Robin Tress with an excellent article on the self-regulated Mi’kmaq fisheries and the RCMP: “Looking closely at the history of policing of Indigenous movements, and now the policing of the settler fishers enacting violence, intimidation, and vandalism, one thing becomes clear: When Indigenous people protest, they are considered enemies of the state. When settlers protest, they are treated as sensitive stakeholders critical to the resolution of the conflict.”
Raina Young: The violence and harassment against Mi’kmaq fishers is despicable, racist behaviour. Even more concerning is the failure of the police to stop it, revealing deeper systemic racism. Imagine if it were the other way around, and Mi’kmaq fishermen were harassing white people. Such behaviour would never be tolerated. The RCMP would step in immediately. The hypocrisy and double standards show a clear racist bias.
On September 8, 2020, the NS PPWG circulated a questionnaire to all declared mayoral and Council candidates running in the upcoming election. The questionnaire asked 13 substantive questions related to policing in HRM.
Media release: The purpose of the survey is to determine candidates’ stances on key issues related to policing, ahead of the upcoming municipal election on October 17, 2020. Topics covered in the survey range from the Calls for Justice from the Report of the National Inquiry into Missing and Murdered Indigenous Women and Girls, to the HRM budget and the delivery of policing services by the Halifax Regional Police and RCMP.
Federal Crown attorneys in Nova Scotia have exercised their discretion to withdraw or refer simple possession charges to restorative justice programs. So why are police still charging people for possession of substances for personal use under the Controlled Drugs and Substances Act?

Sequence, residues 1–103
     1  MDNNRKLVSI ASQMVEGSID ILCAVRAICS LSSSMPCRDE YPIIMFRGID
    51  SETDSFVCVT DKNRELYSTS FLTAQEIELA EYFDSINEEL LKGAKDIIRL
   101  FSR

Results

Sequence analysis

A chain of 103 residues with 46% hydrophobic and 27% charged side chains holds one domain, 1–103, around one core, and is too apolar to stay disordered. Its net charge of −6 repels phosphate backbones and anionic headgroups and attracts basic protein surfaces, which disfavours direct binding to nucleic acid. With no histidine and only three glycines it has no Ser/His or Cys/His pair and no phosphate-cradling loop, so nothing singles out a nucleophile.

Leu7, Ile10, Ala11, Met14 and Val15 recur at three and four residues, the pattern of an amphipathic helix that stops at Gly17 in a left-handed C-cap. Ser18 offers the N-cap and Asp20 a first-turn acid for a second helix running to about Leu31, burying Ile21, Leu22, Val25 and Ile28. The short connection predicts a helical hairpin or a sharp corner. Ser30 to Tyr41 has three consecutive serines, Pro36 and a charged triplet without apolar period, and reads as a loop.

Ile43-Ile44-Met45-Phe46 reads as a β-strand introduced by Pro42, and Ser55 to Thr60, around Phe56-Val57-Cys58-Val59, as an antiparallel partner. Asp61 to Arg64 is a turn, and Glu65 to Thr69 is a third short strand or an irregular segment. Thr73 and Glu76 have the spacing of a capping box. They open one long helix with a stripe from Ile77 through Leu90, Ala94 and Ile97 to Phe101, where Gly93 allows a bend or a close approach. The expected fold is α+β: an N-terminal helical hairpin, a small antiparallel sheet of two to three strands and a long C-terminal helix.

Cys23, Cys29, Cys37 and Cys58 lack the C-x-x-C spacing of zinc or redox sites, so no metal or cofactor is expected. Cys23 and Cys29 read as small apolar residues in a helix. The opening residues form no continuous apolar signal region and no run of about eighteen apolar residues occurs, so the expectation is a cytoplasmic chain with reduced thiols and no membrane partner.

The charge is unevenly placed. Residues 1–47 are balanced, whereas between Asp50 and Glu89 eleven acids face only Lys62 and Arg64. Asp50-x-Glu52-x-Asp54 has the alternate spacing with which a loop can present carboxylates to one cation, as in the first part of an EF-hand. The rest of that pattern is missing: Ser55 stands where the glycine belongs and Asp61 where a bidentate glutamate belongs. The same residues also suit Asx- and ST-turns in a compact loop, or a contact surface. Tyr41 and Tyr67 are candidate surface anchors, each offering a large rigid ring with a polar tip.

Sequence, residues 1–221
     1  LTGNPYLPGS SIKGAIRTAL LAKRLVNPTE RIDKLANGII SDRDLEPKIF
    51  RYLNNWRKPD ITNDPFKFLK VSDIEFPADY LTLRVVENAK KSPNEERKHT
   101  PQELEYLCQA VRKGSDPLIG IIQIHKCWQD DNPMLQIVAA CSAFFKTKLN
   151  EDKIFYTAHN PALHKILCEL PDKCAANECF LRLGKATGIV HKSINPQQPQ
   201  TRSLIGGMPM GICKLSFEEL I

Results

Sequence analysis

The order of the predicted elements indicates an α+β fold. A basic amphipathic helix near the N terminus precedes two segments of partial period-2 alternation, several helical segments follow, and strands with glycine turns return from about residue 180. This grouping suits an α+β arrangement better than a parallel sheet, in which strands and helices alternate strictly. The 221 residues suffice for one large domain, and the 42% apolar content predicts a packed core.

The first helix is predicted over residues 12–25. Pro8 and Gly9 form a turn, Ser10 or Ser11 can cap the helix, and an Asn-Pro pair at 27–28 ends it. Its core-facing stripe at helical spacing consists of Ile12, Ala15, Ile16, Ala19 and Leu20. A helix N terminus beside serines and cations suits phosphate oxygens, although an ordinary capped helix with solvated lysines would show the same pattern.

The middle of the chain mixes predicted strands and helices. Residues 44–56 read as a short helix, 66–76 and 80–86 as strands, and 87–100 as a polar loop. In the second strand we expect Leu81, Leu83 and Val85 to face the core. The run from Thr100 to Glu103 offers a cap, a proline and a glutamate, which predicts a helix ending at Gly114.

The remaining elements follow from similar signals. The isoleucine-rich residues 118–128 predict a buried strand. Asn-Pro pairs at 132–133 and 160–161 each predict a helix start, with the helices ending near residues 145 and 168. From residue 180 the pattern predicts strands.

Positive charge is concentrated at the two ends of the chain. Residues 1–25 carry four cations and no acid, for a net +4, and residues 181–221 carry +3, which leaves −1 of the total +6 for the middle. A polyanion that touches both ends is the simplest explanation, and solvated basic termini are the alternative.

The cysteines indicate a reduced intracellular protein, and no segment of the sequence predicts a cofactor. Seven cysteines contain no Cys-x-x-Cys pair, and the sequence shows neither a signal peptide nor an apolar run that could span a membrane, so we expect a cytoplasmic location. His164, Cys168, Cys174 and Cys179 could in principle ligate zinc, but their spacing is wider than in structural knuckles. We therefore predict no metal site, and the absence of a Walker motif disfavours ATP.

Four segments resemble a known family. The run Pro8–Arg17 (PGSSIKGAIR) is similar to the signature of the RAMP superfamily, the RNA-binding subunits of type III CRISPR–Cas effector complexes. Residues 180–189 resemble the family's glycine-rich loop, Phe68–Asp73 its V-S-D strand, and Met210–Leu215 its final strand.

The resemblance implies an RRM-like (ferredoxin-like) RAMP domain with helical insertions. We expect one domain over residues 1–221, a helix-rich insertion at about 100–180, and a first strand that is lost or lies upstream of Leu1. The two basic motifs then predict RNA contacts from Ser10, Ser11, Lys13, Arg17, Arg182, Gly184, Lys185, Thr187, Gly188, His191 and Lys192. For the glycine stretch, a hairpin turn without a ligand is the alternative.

Why are neither Minister for Women and Gender Equality Maryam Monsef nor Nova Scotia Minister for the Status of Women Kelly Regan willing to consider making a feminist analysis part and parcel of the public inquiry into April’s mass shooting?
Black youth on the South Shore are organizing a Black Lives Matter picnic with their supporters on August 30 at 3pm at Hutt Lake in Chester, please come. This picnic is a Black youth response to the hate crime that happened August 15, 2020 at Hutt Lake, a local swimming spot in Chester, NS when a group of families including a Black man and 9 year old child were threatened by local youth waving a noose and confederate flag who made racists threats in person and publicly online.
In terms of racism and policing much of the focus has been on Halifax’s urban core, but what about rural Nova Scotia?. We talk with Jessica Bundy, a young African Nova Scotian academic who wrote about the policing experiences of Black residents of the Town of Digby and surrounding communities.
Misogyny is systemic within mainstream Nova Scotia and Canadian culture and agencies. To prevent male violence against women awareness interventions about socialized and normalized human inequality of women and girls needs to be spoken out loud, just like Canadians talk about the weather.
Judy Haiven: “When virtually all the relatives and friends of the 22 deceased demand answers only a full public inquiry can discover, it’s time, it’s time for Nova Scotia’s premier Stephen McNeil and Bill Blair, the federal minister of public safety, to admit they made a mistake.”